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Cisco Unified Computing System: Best of Interop 2009 Winner

Cisco Unified Computing System (UCS) just won “2009 Best of Interop Award” in the Data Center & Storage category at industry leading global technology event Interop 2009. imageHere is what judges have to say about UCS “It’s clear that Cisco really examined the server virtualization challenge carefully when they designed the UCS. Everywhere you look, you can see how they focused on removing virtualization bottlenecks and enabling flexible device management at every level -- plus they’ve left plenty of room for growth. That’s why the UCS is our choice for the BOI Data Center and Storage Category winner for 2009.” Detailed analysis from award judges is available here.This is the second industry award for Cisco UCS within a month, which shows broad industry adoption and appreciation of Cisco UCS innovative architecture.

Join Us at EMCworld

May 19, 2009 at 12:00 pm PST

Just a quick heads-up--we have quite a few interesting things going on at EMCworld this week, including a session by our Cisco-on-Cisco TechMinute celebrity Sidney Morgan. Listen to Sidney give a brief update on our sessions. Sidney’s session is “Case Study: Implementing Next-Gen Data Center Solutions” on Tues, May 19, 2:45-3:45 pm.We will also have a couple of our bloggers on-site, so definitely swing by the Cisco booth and say hello. While we will not be streaming live from EMC, we will be posting videos taken onsite and blog and twitter posts to our EMC World website at www.cisco.com/go/emcworld09. The videos will be of onsite interviews with Cisco DC execs and SMEs, demo owners, partners, etc.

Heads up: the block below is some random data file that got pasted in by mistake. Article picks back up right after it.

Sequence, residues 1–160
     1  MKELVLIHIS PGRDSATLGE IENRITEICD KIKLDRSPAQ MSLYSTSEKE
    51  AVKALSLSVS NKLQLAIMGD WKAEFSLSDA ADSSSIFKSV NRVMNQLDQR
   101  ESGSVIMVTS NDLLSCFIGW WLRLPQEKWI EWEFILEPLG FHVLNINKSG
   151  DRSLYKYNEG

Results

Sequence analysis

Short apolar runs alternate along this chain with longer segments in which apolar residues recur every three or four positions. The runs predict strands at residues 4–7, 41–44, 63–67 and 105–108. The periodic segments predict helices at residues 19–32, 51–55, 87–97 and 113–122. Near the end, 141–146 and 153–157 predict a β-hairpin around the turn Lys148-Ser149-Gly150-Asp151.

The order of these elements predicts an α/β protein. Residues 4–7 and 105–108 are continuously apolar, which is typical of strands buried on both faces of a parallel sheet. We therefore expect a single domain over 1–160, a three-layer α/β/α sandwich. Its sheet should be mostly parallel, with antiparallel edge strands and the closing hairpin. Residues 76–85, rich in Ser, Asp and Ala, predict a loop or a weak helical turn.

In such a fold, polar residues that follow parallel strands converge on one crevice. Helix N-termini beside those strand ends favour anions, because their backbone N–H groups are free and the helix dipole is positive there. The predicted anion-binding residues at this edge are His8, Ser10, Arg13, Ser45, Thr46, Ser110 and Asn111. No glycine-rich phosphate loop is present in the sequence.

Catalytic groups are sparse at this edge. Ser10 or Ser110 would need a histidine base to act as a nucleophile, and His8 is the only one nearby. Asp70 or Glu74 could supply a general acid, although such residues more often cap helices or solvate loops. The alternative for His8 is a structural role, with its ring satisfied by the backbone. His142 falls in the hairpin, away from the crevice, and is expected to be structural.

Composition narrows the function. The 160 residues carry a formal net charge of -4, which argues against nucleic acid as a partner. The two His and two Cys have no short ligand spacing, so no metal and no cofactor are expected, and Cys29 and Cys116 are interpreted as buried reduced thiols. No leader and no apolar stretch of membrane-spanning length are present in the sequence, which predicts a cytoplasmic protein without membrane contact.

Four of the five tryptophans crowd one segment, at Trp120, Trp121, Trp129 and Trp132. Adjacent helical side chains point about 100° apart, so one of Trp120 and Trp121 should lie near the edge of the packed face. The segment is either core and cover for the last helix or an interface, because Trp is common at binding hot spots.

Cisco Unified Computing System in Production

May 19, 2009 at 12:00 pm PST

Our ConC TechMinute celebrity, Sidney Morgan discusses the deployment of Cisco UCS in our production environment and how it has improved power efficiency in our Richardson data center. You can also listen to Sidney discuss how we are integrating the UCS into our existing storage environment.

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Chuck Hollis, EMC VP of Global Marketing and CTO, on FCoE, Virtualization and Cloud Computing

May 15, 2009 at 12:00 pm PST

Cisco will be present at EMC World 2009 and on the web at “Live at EMC World” Bill Marozas ,Cisco Director Storage Networking, took this opportunity to ask Chuck Hollis, Vice -President Global Marketing, and well known EMC blogger tough questions “Chuck Hollis here from EMC. I was asked to “guest blog” for Cisco on a few topics that I found interesting. image I hope you find the questions (and answers!) thought provoking! Q: What is your view of the evolution of the Storage Networking industry? In particular, how do you see the use of transfer protocols evolving in the data center? I think we’re all pretty agreed on the end state of storage networking: Ethernet wins – period. It won’t happen overnight, but the outcome is inevitable, if you think about it. The more interesting questions revolve around the “how” and the “when” of this transition, rather than the final outcome. Right now, enterprise data centers are intrigued about the potential of converged Ethernet data center fabrics for their next generation architectures, and in many cases are building it into their long term plans. As a result, I think you’ll see a healthy co-existence of FC and FCoE for many years – traditional storage networking infrastructure working alongside newer converged Ethernet infrastructure using the same switches, management tools, etc. Very few customers would ever consider a rip-and-replace approach. A related debate is “what storage protocols will we see on this converged wire?”. For us at EMC, this really isn’t a religious debate, and more a case of customer preference driven by specific use cases.

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Switch Architectures and Highways

Since Cisco first introduced the concept of oversubscribed Fibre Channel modules in the storage networking industry with the MDS 9000 Family, there has been quite a bit of confusion between oversubscribed and blocking architectures, often incorrectly using the two terms interchangeably. I’m going to use a simple analogy with the highway (where I spend too much time on, because of my commuting) to try to explain the not-so-obvious difference. Read More »